Where to Stream: Hulu

Just Don’t Think I’ll Scream (Frank Beauvais)

After watching over 400 films in the span of just around four months, director Frank Beauvais reflects on his life and what led to this cinematic hibernation in Just Don’t Think I’ll Scream, an impressive, rapidly-edited, and deeply personal cinematic essay. Created solely from clips of the films he watched, it’s far from the kind of video essays that dominate YouTube, rather selecting the briefest of moments, and usually the least-recognizable of shots, in crafting this self-exploration of a reflective, questioning mind. – Jordan R.

Where to Stream: MUBI (free for 30 days)

Lapsis (Noah Hutton)

Lapsis says and does a lot with its lo-fi aesthetics because it knows when to utilize its modest budget on computer graphic enhancements and when to let its endearing cast take the reins and run with things in a way that we can relate to as people caught in a similar cycle of economic warfare. And it’s Imperial who leads the charge with a deconstruction of the tough-guy persona trying his damnedest to wrap his head around things well past his pay-grade in order to seize this opportunity both socially and romantically (he’s into Anna). I’m still not sure what Hutton is doing with a cryptic ending I’m completely in the dark about, but it has me wanting to re-watch and discover what else I might have missed. – Jared M. (full review)

Where to Stream: Film Movement Plus

Last and First Men (Jóhann Jóhannsson)

If any film composer of the last decade defined the period best, it might’ve been Jóhann Jóhannsson, whose synthy, epic tones captured the turbulent, globalized environment of the new century. His work with Denis Villeneuve (Prisoners, Sicario) turned him into a Hollywood name, but the Icelandic instrumentalist was also a musician in his own right who toured the world and released his own records. I’m writing in the past tense, of course, because Jóhannsson died in 2018, though not before he completed his final work, an installation with orchestra combining film and music–with narration by Tilda Swinton–from where this extraordinary cinematic odyssey emerges in its apparently intended final form. Its vision of an apocalyptic extinction inevitably garners interpretations as something of an epitaph to his life and career. – Ed F. (full review)

Where to Stream: Metrograph at Home

Limbo (Ben Sharrock)

Two Africans, an Afghan, and a Syrian walk onto a remote island in Scotland. The punch line potential is infinite. Writer/director Ben Sharrock knows it too as he places them all in the same cramped apartment with a “Refugees Welcome” banner outside so they can argue about the merits of Ross and Rachel’s “break” courtesy of a burned Friends box set left behind by whomever lived there last. Add an eccentric cultural awareness course led by a duo in Helga (Sidse Babett Knudsen) and Boris (Kenneth Collard) who teach sexual harassment by having the former smack the latter’s intentionally handsy dance partner in the face and you’ll find yourself mimicking the class of foreigners watching in stunned silence thanks to the dryly humorous mix of confusion and horror. – Jared M. (full review)

Where to Stream: HBO Max

Project Space 13 (Michael Bilandic)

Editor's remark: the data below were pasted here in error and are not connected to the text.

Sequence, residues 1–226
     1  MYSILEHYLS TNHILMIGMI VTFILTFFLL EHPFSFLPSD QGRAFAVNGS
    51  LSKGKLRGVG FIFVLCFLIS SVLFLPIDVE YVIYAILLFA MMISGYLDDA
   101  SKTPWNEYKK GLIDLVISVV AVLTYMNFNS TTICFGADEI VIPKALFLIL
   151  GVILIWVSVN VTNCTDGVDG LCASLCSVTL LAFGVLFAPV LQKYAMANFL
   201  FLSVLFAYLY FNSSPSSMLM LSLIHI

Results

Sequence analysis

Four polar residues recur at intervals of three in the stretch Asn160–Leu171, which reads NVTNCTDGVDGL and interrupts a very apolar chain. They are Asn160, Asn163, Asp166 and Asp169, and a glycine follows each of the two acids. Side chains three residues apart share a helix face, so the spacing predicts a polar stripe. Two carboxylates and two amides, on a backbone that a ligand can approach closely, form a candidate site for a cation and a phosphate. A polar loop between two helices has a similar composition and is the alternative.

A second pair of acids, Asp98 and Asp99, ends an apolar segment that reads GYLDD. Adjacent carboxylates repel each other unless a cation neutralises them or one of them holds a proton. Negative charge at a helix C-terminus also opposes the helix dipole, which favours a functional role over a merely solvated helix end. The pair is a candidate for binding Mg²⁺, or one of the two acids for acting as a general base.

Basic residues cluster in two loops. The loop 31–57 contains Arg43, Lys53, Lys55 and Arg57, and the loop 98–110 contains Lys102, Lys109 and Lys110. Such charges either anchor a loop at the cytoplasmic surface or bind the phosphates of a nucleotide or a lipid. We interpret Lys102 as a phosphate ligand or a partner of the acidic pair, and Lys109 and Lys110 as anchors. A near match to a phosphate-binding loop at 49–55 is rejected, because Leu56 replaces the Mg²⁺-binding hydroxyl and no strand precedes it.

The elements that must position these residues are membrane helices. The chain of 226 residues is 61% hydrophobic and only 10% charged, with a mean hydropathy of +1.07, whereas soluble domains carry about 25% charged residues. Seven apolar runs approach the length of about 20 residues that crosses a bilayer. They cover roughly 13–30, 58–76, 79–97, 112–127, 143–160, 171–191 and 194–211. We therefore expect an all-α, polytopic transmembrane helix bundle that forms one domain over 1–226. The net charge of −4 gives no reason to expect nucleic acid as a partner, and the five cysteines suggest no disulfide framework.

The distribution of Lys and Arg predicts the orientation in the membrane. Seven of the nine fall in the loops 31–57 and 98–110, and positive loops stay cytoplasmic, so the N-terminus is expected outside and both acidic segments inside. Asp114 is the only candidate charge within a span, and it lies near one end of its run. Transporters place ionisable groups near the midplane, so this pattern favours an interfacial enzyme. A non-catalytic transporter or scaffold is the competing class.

Michael Bilandic’s cinema has, over the course of four very small-scale features, staked out a distinct corner in indie film. Focusing on niche interests—be it the fledgling trance scene of 2009 or YouTube horrorcore rappers—the New York-based director’s films feel of the moment but never trend-chasing or too cool for the room. Simply put: a truly personal corpus. His distinct style and interests are perfectly encapsulated in his newest work, Project Space 13, about Nate (Keith Poulson), a performance artist who sees his latest stunt involving bug-eating and other narcissistic, attention-grabbing shenanigans halted by the COVID-19 pandemic. Nate still has somewhat of an audience, though, as he’s protected by two assigned security guards at the performance space, one a young loose cannon (Hunter Zimny) and the other an older COVID-denier (Theodore Bouloukos). While outside riots escalate New York City into an apocalyptic state, the three men discuss their variety of differences. And as most contemporary films seem to dart away from addressing the pandemic, Bilandic stares it straight in the face, but of course through primarily the spectrum of an art-world satire that also seems to capture the justified and unjustified anger we feel in these times. – Ethan V. (full interview)

Where to Stream: MUBI (free for 30 days)

The Works and Days (of Tayoko Shiojiri in the Shiotani Basin) (C.W. Winter and Anders Edström)

“It’s sad to get old in any period.” Tayoko (Tayoko Shiojiri) has just watched Yasujirō Ozu’s Tokyo Story on television and it’s struck a nerve of melancholy. The Japanese master’s great films tend to do this to viewers, especially those who find themselves in the midst of painful transition. Her husband Junji (Kaoru Iwahana) has become increasingly ill over the last few months, and the slow passage of time has suddenly taken a different meaning for the woman who spends so many hours outside in the fields cultivating crops. This observation about aging comes in one of many journal entries that comprise the spine of The Works and Days (of Tayoko Shiojiri in the Shiotani Basin), an experimental study in duration and devotion that intricately overlaps voiceover and ambient sound design to create a symphonic cinematic space in the quietest of locations. – Glenn H. (full review)

Where to Stream: MUBI (free for 30 days)

Also New to Streaming

Amazon Prime

Encounter (review)


At the Ready (review)

MUBI (free for 30 days)

All Is Lost
Hard Paint
The Bones


India Sweets and Spices